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Macron’s election campaign seems largely run by private apartments, with the family car and tours around bistros of thousands of volunteers. Moreover, Macron’s movement En Marche!, founded less than a year ago in the form of a door-to-door survey, now has over 230,000 online members, and is almost run like a start-up. It uses, among other things, sophisticated digital systems to cross-check the electoral data and identify target voters while, from its headquarters in Paris, volunteers, mostly young people referred to as “helpers”, administer the election campaign of the movement from computers. In short, Macron favors all non-hierarchical impulses, being averse to ideological and traditional parties, which thrive on the internet, and channels them into a practical but seamless movement with generic indications, such as pleading neither to right nor to the left, discussing with anyone and smiling as the thirty-nine-year-old former banker tries to do.
Macron's electorate is volatile and indecisive
The polls now seem to be rewarding his approach, which has never been attempted before in France. However, the mobility of this structure and its effectiveness on the more volatile and undecided electorate implies a certain degree of risk: that of being unable, in the end, to consolidate his advantage, his voters being more hesitant than those of the other parties. Therefore, Macron must first consolidate a more volatile and indecisive potential electorate. Although the polls show him to be in the lead, a significant number of his potential voters tend to be more hesitant. Secondly, he must prove that he is capable of winning enough seats in the parliamentary elections in June to be able to govern. In fact, Socialist candidate Benoìt Hamon goes on to explain that Macron’s success would an ungovernable France in a period of uncertain coalitions. Thirdly, even the ideological vagueness of En Marche! forces young bankers to maintain a delicate balance. Many key political figures, from the left and right, have been said to be backing him; but there are, perhaps, too many already, if he wants to avoid Le Pen’s accusations of just recycling the old political class or being a candidate of the happily globalized bourgeoise of the cities. Moreover, Macron’s sudden and, therefore, still unstable success, also makes the outcome of the second round more uncertain, otherwise expected in old political patterns. According to some statistics, the results of the polls could be affected by the percentage of abstention, which would have a different effect on the various candidates. In a heavy election campaign dominated by scandals, Le Pen could in fact benefit from a greater stability of voters: for example, with a 90% turnout versus 70% of Macron most wavering voters, she could even win, according to certain, more sophisticated estimates. The unexpected event would depend on a gap with Macron, which should only be 20%, and on the various combinations of abstentions in the second round. In short, Macron’s volatility and novelty justifies some doubts over the support of his electorate, which could, with a higher percentage of abstention over that of his rival, result in a big ''Trump'' surprise also in France.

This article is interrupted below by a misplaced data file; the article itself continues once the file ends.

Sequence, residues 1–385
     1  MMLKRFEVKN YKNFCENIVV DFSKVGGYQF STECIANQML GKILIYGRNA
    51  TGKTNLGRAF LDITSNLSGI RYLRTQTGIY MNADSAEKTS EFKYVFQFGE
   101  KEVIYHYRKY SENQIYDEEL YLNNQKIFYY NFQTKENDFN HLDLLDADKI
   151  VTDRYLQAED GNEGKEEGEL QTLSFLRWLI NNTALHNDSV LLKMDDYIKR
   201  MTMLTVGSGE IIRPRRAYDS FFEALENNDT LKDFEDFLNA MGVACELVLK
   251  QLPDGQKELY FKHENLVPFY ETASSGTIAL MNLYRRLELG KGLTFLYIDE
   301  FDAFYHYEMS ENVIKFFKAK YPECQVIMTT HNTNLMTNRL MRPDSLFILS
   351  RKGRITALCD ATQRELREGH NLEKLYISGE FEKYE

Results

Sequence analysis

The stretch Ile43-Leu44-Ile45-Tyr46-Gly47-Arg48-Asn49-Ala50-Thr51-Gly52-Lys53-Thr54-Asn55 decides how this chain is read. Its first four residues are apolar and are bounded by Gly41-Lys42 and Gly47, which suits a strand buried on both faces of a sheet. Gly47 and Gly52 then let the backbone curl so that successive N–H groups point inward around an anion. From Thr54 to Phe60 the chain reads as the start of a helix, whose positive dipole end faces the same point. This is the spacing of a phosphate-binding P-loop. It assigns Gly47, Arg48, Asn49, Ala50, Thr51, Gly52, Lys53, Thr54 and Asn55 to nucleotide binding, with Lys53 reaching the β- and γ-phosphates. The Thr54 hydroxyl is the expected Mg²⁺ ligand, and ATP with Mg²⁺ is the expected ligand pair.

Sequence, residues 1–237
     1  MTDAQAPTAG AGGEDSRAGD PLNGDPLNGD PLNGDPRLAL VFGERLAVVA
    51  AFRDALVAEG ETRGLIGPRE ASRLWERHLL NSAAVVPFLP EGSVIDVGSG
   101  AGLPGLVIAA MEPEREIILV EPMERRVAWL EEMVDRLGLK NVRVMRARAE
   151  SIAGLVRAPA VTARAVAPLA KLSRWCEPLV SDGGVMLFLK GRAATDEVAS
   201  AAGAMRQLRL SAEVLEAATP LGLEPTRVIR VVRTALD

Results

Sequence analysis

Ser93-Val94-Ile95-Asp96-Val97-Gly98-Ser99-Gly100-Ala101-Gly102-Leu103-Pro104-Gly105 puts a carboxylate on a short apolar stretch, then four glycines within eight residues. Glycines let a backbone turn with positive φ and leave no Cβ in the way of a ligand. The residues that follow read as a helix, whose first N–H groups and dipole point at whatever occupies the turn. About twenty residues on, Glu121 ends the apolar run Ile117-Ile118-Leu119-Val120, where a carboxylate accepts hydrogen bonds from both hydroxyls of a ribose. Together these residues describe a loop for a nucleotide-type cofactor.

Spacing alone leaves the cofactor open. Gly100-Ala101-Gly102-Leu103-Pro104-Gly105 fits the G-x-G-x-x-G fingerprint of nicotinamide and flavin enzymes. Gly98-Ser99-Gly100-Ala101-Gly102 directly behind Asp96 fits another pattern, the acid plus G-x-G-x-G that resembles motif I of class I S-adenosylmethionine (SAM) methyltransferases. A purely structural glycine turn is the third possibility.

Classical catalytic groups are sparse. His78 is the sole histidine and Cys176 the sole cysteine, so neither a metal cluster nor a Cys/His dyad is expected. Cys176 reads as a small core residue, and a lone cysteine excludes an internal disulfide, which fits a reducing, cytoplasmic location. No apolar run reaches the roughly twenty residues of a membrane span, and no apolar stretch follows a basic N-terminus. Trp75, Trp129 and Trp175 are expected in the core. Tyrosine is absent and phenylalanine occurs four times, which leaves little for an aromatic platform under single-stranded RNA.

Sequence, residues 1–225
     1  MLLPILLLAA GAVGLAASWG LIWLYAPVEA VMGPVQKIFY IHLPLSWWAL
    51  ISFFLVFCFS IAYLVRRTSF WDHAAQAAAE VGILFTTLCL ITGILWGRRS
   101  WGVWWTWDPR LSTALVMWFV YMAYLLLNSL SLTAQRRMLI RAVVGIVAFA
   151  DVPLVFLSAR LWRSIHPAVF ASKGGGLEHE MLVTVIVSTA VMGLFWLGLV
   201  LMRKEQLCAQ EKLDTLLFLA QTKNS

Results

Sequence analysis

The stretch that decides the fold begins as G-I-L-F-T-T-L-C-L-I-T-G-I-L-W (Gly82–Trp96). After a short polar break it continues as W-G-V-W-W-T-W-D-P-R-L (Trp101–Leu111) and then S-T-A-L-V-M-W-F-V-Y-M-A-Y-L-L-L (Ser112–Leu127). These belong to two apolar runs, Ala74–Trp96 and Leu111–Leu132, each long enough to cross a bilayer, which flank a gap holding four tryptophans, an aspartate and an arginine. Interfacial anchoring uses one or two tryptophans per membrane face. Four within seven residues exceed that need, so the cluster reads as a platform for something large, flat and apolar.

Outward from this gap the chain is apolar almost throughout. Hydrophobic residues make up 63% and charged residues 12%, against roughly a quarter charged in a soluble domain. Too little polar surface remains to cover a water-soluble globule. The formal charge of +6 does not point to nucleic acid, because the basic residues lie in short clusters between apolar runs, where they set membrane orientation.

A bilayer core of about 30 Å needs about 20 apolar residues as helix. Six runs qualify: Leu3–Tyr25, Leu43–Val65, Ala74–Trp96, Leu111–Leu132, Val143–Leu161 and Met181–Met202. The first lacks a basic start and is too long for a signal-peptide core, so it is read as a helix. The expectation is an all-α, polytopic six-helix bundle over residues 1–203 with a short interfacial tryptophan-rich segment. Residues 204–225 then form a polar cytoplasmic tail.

Impossibility of ruling out a "Trump surprise"
The subversive, transverse nature of Macron’s new politics, or the repetition in France of the characters of all European anti-system movements, is what introduces another additional element of uncertainty. The principle on which both Macron and Fillon base their chances of success, once at the ballot box, is, in fact, a traditional one in the French elections. Both assume that, in the final stage of the elections, the Republican Front will prevail. Yet many leftists could ultimately deny their vote to an investment banker or just refrain to a much larger extent that in the past. Conversely, many of Fillon voters could avoid supporting Macron, seeing him as a continuation of Socialist President Francois Hollande, whom they detest. In other terms, the Trump surprise cannot yet be ruled out. Although the conservatives are supporting Macron in the second round, Le Pen’s position on the euro should be taken into account. It contradicts the idea of monetary stability and attention to assets, which is one of the secular features of the conservative front that will vote in the first round for Fillon and that, therefore, is more likely, than the left-wing electorate, to turn out at the second round for Macron and secure his victory.